Why PGS Made the Move from Clusters to Supercomputers

PGS is a marine seismic company that acquires high-resolution seismic data for use in imaging and modeling the earth’s subsurface.

When the company launched its Triton survey in the Gulf of Mexico in November 2013, they knew they’d end up with the largest seismic survey they’d ever collected. When they finished acquiring the data in August 2014, they had the most complex imaging challenge they’d ever faced.

The high-fold, long-offset, dual-sensor, broadband survey provided full-azimuth data and covered approximately 10,000 square kilometers in a notoriously difficult-to-image area of the Gulf. The result: a 660 terabyte dataset.

Triton overcomes deepwater challenges

Considered the most revolutionary and technologically advanced survey ever conducted in the region, Triton is impressive not just for its size, but because with it, PGS deployed a breakthrough survey design intended to overcome the challenges of this structurally complex deepwater area.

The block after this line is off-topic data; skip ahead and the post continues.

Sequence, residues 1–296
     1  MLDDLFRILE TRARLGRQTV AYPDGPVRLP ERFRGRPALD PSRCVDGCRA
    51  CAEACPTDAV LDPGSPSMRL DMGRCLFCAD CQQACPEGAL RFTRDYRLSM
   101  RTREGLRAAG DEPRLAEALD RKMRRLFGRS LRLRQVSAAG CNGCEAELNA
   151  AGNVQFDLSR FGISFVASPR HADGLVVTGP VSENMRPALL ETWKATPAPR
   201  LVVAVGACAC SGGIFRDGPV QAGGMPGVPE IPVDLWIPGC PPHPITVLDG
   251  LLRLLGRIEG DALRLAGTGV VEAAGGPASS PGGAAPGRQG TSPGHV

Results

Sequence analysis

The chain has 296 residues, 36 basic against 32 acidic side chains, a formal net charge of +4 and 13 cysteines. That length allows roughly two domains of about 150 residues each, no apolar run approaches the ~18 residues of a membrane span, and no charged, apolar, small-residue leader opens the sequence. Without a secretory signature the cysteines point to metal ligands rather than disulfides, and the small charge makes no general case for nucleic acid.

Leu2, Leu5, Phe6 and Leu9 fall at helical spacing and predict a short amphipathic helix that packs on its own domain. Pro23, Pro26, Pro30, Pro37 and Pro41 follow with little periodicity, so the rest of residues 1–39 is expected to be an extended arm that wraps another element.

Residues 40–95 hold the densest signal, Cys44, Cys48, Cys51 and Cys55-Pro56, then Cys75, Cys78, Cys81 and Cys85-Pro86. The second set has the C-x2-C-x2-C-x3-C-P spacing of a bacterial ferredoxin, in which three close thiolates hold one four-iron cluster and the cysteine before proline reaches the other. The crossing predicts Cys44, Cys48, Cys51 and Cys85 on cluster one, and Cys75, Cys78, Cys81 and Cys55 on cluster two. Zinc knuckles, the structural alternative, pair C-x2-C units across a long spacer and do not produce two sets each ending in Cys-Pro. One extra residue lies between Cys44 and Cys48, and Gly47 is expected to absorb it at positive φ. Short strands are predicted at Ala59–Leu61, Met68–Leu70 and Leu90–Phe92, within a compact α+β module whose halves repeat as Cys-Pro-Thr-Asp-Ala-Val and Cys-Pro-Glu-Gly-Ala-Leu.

Their specially designed acquisition template used five vessels in a combined wide-azimuth and simultaneous long offset configuration, resulting in full azimuth coverage. The design, combined with PGS’ seismic imaging technology GeoStreamer®, produced the massive amounts of data that formed the basis for the survey — and clearest subsurface images of the region yet.

Now the company had a new challenge on its hands: processing the Triton survey within its production deadline.

PGS and companies like them have typically used clusters for their HPC needs, but this new era of massive data volume — and the overall tightening of margins — led PGS to the realization that they couldn’t meet any of these demands with their existing technology.

Read more about the process PGS went through in moving from clusters to supercomputing – and realizing industry-leading processing speeds – in this Cray case study, and watch a related video here.

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